Federal Agency Lowers Forecast for U.S. Coal Consumption in 2016 to Below 700 Million Tons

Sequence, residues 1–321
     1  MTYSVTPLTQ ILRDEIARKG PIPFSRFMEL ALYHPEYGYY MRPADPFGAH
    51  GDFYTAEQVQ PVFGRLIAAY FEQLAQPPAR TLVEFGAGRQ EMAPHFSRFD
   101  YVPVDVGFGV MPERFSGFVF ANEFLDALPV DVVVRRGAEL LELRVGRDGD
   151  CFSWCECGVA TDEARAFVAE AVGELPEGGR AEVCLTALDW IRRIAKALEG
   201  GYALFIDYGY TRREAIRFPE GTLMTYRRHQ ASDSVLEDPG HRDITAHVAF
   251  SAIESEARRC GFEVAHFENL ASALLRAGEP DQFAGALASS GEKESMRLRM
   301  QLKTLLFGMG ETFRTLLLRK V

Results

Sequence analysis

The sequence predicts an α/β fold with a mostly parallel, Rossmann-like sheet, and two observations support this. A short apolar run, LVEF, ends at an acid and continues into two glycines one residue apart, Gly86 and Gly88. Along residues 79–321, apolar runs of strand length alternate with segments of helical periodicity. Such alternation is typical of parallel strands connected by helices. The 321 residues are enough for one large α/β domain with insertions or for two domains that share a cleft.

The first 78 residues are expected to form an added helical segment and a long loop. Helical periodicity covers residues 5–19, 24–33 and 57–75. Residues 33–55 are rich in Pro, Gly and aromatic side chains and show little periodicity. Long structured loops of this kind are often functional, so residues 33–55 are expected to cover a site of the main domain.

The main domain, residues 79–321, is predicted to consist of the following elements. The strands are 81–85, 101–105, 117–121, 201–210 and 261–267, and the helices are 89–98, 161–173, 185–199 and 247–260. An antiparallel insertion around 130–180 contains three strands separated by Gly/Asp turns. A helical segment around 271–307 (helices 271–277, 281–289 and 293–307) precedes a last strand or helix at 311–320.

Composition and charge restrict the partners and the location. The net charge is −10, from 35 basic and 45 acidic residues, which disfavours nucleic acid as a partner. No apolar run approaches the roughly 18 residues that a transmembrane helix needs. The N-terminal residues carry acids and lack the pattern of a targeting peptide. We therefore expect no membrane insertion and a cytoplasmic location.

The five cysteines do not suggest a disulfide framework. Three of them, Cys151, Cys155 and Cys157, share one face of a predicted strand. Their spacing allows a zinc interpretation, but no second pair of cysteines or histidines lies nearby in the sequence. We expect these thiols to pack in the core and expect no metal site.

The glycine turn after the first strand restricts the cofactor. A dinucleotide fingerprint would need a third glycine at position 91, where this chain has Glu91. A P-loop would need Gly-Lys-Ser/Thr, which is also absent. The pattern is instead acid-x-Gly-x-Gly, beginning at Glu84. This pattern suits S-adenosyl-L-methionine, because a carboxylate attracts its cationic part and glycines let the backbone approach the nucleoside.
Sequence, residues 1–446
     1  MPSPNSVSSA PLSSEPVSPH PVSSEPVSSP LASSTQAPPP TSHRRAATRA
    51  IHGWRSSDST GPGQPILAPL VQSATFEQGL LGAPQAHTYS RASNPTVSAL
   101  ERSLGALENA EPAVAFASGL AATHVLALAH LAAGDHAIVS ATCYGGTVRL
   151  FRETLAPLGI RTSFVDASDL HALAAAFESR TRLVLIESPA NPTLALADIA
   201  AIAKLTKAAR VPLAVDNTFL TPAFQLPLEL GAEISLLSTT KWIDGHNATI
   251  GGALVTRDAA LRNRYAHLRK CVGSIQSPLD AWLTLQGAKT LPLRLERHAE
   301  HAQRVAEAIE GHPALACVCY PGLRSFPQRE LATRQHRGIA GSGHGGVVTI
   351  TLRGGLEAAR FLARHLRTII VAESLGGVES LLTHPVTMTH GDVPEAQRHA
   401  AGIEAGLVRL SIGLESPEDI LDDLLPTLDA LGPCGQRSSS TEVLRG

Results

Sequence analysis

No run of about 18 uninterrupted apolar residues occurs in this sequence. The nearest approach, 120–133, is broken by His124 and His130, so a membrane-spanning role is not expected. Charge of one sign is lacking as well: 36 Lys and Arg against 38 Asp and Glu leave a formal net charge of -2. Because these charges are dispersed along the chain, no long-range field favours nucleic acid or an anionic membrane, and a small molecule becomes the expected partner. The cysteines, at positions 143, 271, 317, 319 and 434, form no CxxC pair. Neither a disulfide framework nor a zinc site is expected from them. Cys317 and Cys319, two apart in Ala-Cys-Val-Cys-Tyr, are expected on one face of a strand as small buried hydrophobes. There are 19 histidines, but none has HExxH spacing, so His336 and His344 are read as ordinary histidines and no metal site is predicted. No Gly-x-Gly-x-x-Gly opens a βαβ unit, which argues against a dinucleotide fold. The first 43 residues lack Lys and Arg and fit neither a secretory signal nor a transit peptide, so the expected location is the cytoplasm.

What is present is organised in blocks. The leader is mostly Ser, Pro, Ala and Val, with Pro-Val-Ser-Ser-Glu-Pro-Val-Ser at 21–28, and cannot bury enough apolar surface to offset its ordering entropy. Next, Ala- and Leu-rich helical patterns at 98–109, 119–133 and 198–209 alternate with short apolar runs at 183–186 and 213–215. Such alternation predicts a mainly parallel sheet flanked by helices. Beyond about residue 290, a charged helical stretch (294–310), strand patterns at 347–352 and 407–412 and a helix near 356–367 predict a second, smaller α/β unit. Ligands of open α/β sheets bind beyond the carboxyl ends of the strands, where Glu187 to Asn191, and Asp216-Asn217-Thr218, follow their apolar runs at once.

first_imgFederal Agency Lowers Forecast for U.S. Coal Consumption in 2016 to Below 700 Million Tons FacebookTwitterLinkedInEmailPrint分享Everett Wheeler for SNL: Having already predicted natural gas’ topping coal as the nation’s top source of electricity, the U.S. government lowered its 2016 outlook for power-sector coal consumption to below 700 million tons.According to the U.S. Energy Information Administration, domestic coal-fired generators burned an average of 948 million tons annually from 1997 through 2015. In its latest “Short-Term Energy Outlook,” the government agency lowered its latest forecast for 2016 by 3% versus the prior outlook to 689 million tons, a 6.8% drop year on year.Power-sector coal consumption accounts for more than 90% of domestic coal consumption, according to the EIA. The government agency blamed falling coal demand on this year’s mild winter, low natural gas prices and coal plant deactivations stemming from a combination of competition with natural gas-fired plants and burdensome environmental regulations.Last month, the government had projected coal would account for roughly 32% of the nation’s electricity needs to natural gas’ 33.3% in 2016, but the latest projections have coal providing roughly 31% to natural gas’ 33.9% in 2016.The shift in coal consumption patterns has the nation’s coal stockpiles rising. “Overall U.S. coal stockpiles are still very ample given the significant decline in coal’s share of overall electricity generation,” the report said.Power-sector stockpiles ended January at 189.1 million tons for a 22.3% increase year over year. Although that stockpile level is up 16.5% versus the five-year average, EIA-estimated days-of-burn are up 18.1% and 47.2%, respectively, over the same period.The EIA projects secondary coal stockpiles will end the year at 181.7 million tons, up 3.4% versus the prior outlook, but down 11.4% versus the prior year.Full story: Power-sector coal consumption called to fall below 700 million tons $last_img read more